This week CBS CEO Leslie Moonves spoke at the Morgan Stanley Technology, Media & Telecom Conference in San Francisco. When he talked about the CBS Corporation’s strategy, much of the discussion covered the various CBS direct-to-consumer offerings including CBS All Access, home of Star Trek: Discovery. We have highlights from that below and also news from the CEO of Viacom’s talk.
How Star Trek fans helped All Access and why Discovery isn’t on Netflix in the US
Discussing the launch of All Access and why they anchored it with Star Trek: Discovery, Moonves explained:
For All Access, obviously we are starting a new pay service, and we were offering our existing series and catch-up on current seasons and old seasons, but it was important to have original content. And what better way to get people to pay for the first time than offering Star Trek? It is a built-in fanbase that was pretty emphatic and not averse to paying for what they are getting.
Later during the presentation, Moonves noted how the decision to have Star Trek on All Access meant they gave up on short term money, but he felt it was worth it to help grow the streaming service:
We could have sold [Star Trek] to Netflix for a whole lot of money, but you can be darn sure that All Access wouldn’t be doing as well as its doing.
If they launched new Star Trek on CBS Network, it wouldn’t be serialized
The CEO went on to note that there were many choices for where they could launch a new Star Trek series, including possibly on the CBS Television Network. However, he also noted that the choice of All Access dictated the style of the show:
Star Trek could have gone on CBS, it could have gone on Showtime, it could have gone directly to Netflix instead of just international, for a lot of money. There is a distinction. The Good Fight is a spin-off of a successful CBS show. It is sort of different on All Access, they can be serialized. On CBS we try to avoid that generally. Network television generally works better when it is not serialized.
More original programming coming to All Access, Twilight Zone may debut in late-2018
As for the future of content for All Access, the CEO pledged “There is no question we are going to invest in more programming.” He also noted that currently Showtime has moved to launching new original programming every month to “reduce the churn” and expected the amount of original programming to increase for All Access:
On All Access, Star Trek: Discovery was a major hit. A lot of those subs are because of that show. We also have The Good Fight, which is The Good Wife spin-off, which is doing very well. We have a bunch of new stuff. By next year we should have five or six originals on the air. We continue to plan on having three or four new ones every single year. We are going to have a second season of Star Trek: Discovery. We have The Twilight Zone coming up, I think that is in the fall or early winter, which we are excited about. And there are a number of other things. You are going to see us ramp up that and as part of that we expect to ramp up subscribers.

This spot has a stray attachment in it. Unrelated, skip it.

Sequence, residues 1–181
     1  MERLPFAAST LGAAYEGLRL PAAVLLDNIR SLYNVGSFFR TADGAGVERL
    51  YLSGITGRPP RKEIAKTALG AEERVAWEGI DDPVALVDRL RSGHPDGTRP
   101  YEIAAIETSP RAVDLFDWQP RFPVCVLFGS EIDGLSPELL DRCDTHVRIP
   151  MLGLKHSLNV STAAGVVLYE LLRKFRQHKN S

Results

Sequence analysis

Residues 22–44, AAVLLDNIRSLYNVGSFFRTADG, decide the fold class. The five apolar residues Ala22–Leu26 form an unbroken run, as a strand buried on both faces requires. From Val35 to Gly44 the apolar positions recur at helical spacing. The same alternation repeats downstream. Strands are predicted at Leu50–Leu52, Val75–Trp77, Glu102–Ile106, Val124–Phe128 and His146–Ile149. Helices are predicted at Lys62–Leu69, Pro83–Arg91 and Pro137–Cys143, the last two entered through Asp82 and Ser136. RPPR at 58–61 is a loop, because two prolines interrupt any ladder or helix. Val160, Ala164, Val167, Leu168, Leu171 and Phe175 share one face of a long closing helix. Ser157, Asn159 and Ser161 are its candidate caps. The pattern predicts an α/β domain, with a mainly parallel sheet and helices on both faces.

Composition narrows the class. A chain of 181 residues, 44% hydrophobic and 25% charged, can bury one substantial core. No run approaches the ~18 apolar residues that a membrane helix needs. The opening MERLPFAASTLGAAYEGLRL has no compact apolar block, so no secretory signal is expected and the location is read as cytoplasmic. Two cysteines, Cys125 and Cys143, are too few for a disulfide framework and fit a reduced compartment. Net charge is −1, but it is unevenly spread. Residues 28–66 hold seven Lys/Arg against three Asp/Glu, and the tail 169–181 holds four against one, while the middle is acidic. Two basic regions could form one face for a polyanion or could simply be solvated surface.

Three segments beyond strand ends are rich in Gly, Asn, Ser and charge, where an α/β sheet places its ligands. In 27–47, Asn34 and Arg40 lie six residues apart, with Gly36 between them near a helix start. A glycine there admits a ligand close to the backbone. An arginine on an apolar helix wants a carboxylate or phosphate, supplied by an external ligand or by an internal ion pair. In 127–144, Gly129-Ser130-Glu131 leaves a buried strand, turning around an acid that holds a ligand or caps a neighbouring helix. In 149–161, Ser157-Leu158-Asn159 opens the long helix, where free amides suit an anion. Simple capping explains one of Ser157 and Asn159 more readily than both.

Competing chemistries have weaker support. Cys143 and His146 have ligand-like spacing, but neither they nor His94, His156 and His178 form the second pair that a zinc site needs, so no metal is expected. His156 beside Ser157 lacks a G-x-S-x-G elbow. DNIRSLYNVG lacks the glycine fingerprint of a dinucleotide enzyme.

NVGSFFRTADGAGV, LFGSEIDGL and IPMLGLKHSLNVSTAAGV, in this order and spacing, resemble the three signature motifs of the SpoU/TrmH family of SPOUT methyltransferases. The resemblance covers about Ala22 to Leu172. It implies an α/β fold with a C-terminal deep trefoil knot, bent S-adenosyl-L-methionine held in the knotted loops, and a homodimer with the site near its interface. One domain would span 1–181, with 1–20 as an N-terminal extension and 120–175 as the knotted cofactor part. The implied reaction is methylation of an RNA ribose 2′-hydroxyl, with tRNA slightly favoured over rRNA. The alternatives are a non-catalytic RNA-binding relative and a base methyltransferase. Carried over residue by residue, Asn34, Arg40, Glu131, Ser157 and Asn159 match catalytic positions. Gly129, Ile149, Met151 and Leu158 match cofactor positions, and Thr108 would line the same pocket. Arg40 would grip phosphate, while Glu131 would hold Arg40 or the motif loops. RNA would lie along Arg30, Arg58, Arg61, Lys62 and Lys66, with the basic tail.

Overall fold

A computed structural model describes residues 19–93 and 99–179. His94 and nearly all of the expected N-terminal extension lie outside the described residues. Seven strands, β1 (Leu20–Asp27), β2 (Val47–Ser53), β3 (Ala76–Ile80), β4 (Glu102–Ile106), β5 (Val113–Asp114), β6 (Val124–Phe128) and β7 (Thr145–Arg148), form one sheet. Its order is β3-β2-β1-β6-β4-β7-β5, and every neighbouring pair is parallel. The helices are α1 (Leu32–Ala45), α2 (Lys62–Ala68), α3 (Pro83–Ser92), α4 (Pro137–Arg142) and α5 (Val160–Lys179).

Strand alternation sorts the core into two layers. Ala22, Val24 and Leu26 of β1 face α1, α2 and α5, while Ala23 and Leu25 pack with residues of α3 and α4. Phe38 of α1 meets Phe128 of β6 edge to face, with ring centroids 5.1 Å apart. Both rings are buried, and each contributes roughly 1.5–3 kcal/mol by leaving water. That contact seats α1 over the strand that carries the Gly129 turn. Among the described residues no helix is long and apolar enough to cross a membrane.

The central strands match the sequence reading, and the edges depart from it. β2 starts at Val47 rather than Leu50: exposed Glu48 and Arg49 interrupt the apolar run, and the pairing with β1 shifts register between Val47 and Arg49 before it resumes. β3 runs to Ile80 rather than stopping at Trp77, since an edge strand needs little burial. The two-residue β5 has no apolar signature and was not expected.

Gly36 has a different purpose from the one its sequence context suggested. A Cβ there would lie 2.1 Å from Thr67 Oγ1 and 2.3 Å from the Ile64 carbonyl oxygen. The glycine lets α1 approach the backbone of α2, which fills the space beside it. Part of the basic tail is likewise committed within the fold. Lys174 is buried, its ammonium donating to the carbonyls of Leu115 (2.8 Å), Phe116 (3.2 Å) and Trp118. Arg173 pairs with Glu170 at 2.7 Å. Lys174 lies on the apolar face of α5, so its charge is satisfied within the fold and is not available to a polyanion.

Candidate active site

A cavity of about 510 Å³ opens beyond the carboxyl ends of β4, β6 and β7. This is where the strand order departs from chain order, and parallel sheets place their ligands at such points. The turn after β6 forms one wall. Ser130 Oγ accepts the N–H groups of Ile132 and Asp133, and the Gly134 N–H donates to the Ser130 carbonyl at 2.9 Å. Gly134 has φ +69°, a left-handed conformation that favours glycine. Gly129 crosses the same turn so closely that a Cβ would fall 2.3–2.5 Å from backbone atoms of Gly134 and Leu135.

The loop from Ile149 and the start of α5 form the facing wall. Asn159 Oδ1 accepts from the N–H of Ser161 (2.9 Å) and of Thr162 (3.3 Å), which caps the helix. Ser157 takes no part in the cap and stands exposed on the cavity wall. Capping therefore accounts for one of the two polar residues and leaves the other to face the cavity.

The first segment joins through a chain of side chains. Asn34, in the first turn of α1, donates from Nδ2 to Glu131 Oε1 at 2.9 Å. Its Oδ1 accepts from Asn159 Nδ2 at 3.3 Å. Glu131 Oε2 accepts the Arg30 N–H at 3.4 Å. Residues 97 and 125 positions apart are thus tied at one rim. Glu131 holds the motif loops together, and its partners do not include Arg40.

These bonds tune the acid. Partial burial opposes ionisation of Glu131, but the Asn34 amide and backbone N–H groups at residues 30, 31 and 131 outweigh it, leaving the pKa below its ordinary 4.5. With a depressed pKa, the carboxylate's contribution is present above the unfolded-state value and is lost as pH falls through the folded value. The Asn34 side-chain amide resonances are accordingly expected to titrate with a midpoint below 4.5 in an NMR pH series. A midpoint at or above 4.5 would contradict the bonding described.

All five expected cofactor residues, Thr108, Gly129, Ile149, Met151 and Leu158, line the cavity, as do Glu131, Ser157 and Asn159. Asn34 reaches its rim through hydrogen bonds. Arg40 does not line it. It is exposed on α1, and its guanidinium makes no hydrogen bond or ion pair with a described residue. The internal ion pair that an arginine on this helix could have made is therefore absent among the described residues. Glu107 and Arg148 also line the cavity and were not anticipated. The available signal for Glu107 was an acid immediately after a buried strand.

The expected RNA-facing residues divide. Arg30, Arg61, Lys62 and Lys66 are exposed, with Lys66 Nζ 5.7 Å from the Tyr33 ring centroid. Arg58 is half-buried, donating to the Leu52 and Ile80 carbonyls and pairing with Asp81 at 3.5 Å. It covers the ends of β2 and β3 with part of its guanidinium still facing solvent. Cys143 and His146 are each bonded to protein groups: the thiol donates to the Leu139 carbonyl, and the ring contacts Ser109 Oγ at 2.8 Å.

Besides the three shows Moonves mentioned (Discovery, The Good Fight and The Twilight Zone), All Access has already announced a second season of the comedy No Activity and has another three scripted dramas set to debut: $1, Strange Angel, and Tell Me a Story. The second season of The Good Fight starts this Sunday.
Besides Moonves’ estimate of a fall release for The Twilight Zone, no dates have been given for other series, including the second season of Discovery which begins production in April. $1 starts production this month in Pittsburgh and Strange Angel is in pre-production with many roles recently cast.
Viacom launching streaming service
Speaking at the same conference this week was Bob Bakish, CEO of Viacom, the parent company of Paramount Pictures, who own the Star Trek feature films. While CBS and Viacom are considering re-merging, Viacom is still mapping out its own strategy, and that includes planning their own direct-to-consumer streaming service.
Bakish didn’t get too into the details, but did outline how Viacom was entering the streaming space this year, saying:
Later in the year, you’ll hear about the product we’re going to launch that leverage [our] assets, including over 10,000 hours of library product which we’re going to implement on a direct to-consumer basis in a differentiated way that we believe leverages not only our library assets, but also our ad sales capabilities… I realize that sounds kind of cryptic, but it’s an opportunity we’re excited about and you will hear more about it later in the year
While much of Viacom’s library is dominated by the content from their popular cable channels like Comedy Central, MTV and BET, it’s also possible they are looking to leverage the Paramount film library as well. Disney is another studio that has recently announced they are going their own way, launching their own streaming service, and Viacom may be following suit. It’s possible this future service could offer some or all of the 13 Star Trek feature films.
Star Trek: Discovery is available exclusively in the USA on CBS All Access. It airs in Canada on the Space Channel and is available on Netflix everywhere else.
Keep up with all the Star Trek: Discovery news at TrekMovie.